Voter turnout lags 2018 midterms



Early voting for the 2022 midterm elections take place inside the G building of Eastfield.

CARMEN GUZMAN, Editor in Chief

Fewer Dallas County residents voted in the 2022 early voting session for midterms compared with 2018.

This year 391,328 registered voters participated in early voting, according to the Dallas County Elections Department. During early voting in the 2018 midterm elections, state officials counted 535,257 votes because of gains in urban counties.

“I worked the 2018 election. That was a huge election with big voter turnout,” Lisa Therion, an early voting election judge stationed at the Eastfield polling location, said. “For a midterm election, I think we’re doing pretty well.”

Residents cast 2,505 votes at Eastfield during early voting.

“Numbers aren’t exactly high here at Eastfield, but overall, I hear [positive things about] what’s happening in other voting sites in the area,” Therion said.

An urgency to vote characterized the campaigns for Democratic candidates, especially governor candidate Beto O’Rourke.

However, the numbers disappointed left-leaning voters participating in midterms.

“I’m surprised that it’s low. I’m surprised it wouldn’t be a little higher with everything that’s been happening before this election,” Ana Green, 26, said after casting her ballot Tuesday. “For example, the school shooting in Uvalde.”

O’Rourke’s uphill battle for governor was the centerpiece of the state midterm elections, overshadowing races for attorney general and lieutenant governor.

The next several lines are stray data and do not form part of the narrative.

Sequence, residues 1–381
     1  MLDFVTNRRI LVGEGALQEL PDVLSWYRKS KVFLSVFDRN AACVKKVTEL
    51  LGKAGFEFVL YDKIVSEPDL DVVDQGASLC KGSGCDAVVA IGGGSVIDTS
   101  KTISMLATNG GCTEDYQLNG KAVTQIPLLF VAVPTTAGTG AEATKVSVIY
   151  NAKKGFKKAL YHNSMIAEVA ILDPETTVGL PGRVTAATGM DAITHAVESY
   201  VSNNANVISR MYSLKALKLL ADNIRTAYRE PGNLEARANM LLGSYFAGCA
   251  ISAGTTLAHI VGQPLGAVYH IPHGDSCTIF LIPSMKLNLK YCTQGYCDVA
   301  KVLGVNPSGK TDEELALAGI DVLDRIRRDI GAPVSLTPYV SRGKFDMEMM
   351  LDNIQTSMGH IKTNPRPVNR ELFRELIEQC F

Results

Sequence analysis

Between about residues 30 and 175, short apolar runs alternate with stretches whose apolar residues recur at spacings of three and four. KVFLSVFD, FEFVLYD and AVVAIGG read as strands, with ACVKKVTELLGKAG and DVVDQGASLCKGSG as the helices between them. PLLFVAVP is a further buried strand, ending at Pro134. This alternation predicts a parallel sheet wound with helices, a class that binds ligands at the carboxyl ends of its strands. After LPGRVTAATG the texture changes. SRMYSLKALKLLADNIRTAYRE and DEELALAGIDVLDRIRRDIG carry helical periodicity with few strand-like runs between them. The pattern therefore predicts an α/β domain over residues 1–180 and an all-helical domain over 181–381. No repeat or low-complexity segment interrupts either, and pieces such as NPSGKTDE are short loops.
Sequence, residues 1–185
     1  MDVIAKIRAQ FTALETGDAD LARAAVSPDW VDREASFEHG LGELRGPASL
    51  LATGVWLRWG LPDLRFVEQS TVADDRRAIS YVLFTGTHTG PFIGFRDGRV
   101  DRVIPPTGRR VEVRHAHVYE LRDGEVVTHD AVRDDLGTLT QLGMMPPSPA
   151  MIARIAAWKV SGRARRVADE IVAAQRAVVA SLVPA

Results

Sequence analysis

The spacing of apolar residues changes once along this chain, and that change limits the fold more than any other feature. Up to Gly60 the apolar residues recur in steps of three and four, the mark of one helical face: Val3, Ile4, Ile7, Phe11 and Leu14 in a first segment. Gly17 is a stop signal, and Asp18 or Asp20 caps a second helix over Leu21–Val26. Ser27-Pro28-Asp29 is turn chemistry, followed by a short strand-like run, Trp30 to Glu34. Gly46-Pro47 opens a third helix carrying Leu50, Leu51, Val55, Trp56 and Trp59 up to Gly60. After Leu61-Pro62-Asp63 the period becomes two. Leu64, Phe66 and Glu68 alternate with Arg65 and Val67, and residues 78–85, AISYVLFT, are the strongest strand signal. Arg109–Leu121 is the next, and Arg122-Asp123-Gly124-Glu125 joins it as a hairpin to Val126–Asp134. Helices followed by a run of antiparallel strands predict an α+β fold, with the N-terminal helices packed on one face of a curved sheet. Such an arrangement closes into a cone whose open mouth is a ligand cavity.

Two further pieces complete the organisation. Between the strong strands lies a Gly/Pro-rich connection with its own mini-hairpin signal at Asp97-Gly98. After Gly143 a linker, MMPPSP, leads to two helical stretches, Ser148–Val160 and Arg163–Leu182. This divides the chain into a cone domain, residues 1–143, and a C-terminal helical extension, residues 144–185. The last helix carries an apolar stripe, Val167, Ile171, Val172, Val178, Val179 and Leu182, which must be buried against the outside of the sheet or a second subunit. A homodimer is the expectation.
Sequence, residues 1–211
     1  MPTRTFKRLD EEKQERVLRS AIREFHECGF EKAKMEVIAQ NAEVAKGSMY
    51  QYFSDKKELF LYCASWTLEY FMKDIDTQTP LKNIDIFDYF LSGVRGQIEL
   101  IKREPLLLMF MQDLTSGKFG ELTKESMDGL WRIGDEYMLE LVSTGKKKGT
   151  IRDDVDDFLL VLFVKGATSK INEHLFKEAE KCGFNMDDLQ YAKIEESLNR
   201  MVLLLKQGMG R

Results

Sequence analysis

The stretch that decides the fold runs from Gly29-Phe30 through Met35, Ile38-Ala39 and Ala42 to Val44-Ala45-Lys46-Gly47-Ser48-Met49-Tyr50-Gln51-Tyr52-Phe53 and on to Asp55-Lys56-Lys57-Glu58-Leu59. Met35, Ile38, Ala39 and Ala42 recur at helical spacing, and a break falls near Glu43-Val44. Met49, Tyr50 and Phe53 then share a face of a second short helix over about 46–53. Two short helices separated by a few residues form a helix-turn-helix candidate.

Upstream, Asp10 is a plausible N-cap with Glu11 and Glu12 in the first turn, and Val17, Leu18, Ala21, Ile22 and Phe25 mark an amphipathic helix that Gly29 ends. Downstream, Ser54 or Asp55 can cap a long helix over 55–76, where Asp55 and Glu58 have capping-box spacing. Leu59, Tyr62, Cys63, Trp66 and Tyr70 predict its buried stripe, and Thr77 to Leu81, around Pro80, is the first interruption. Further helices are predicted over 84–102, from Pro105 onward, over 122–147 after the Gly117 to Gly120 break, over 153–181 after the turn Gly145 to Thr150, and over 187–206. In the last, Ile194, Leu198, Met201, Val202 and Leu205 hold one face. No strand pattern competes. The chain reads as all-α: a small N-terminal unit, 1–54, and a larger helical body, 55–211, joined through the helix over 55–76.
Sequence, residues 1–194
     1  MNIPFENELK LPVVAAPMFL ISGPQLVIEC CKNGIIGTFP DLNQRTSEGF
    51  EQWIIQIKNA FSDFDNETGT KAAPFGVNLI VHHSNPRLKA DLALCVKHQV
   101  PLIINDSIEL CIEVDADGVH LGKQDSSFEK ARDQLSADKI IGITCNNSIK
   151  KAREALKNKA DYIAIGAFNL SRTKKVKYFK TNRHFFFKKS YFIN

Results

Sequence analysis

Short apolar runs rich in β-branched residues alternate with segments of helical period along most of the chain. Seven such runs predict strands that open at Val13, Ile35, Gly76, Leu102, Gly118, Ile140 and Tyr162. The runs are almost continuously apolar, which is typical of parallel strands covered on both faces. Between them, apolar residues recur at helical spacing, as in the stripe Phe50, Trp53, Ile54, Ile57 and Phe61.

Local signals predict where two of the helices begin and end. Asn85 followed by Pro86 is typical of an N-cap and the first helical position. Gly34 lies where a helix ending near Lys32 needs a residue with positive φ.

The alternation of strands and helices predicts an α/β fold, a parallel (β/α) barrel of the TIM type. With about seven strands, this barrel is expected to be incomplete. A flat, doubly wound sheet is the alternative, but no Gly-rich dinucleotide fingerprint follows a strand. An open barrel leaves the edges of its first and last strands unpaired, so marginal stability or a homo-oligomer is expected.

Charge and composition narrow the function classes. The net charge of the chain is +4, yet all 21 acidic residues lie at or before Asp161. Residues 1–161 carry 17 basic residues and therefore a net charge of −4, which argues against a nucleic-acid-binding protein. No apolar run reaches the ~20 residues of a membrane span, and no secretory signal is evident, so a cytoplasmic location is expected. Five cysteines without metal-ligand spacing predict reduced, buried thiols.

“The governor’s race has sparked a lot of interest in voting,” Therion said. “I think that debate has been rather heated, and so that’s what’s driving voter turnout.”

Democratic candidates such as O’Rourke hosted voting drives at several colleges throughout Texas, courting young voters to register for midterms.

Republicans mirrored young voter registration drives through events such as the Texas Youth Summit in October.

“We’ve had a tremendous number of a first-time voters here, and I think that’s attributed to the fact that they’re maybe college students or even high school students,” Therion said.

Although early voting numbers spell uncertainty, voters held out for gains on election day.

“I definitely have hopes for the younger generation and Gen Z,” history instructor Hayley Grammer said. “I hope that they turn out and try to help the rest of us save America.”

While left-leaning voters are passionate for turning the tide against conservative successes, such as the Dobbs v. Jackson decision earlier this year, right-wing voters anticipate a red wave.

“We shouldn’t make it an emotional election,” Eastfield graduate Joseph Hermesmeyer said. “I think a lot of the appeals for the left and the Democratic party are mostly emotional appeals.”

Issues such as gun control and abortion gained attention on both sides, but right-wing voters are more concerned with the economy.

“[Gun control] should not be the only consideration when people are actually dying because they can’t feed themselves,” Hermesmeyer said.

Inflation has loomed over America as the Biden administration struggles to restore confidence in the economy.

Gas prices have become a primary talking point against the Democrats.

“A lot of things at stake right now are very real, like energy prices, gas prices, food prices,” Hermesmeyer said. “I mean, that’s all stuff they have to pay more and more attention to.”

Voters such as Hermesmeyer turned to Abbott for his experience and political knowledge. Texas Republicans have discredited O’Rourke for only serving as a state representative from 2013 to 2015.

“A whole list of things [has to be considered]. Abbott’s experience is the biggest thing going for him,” Hermesmeyer said. “Beto doesn’t have the experience to run a state.”

While many were disappointed by the lower-than-expected turnout, voters pushed for participation up to the last hour to vote.

“Every citizen should be participating in democracy,” Grammer said. “If every citizen doesn’t, people who have nefarious plans can use people’s apathy against their own good.”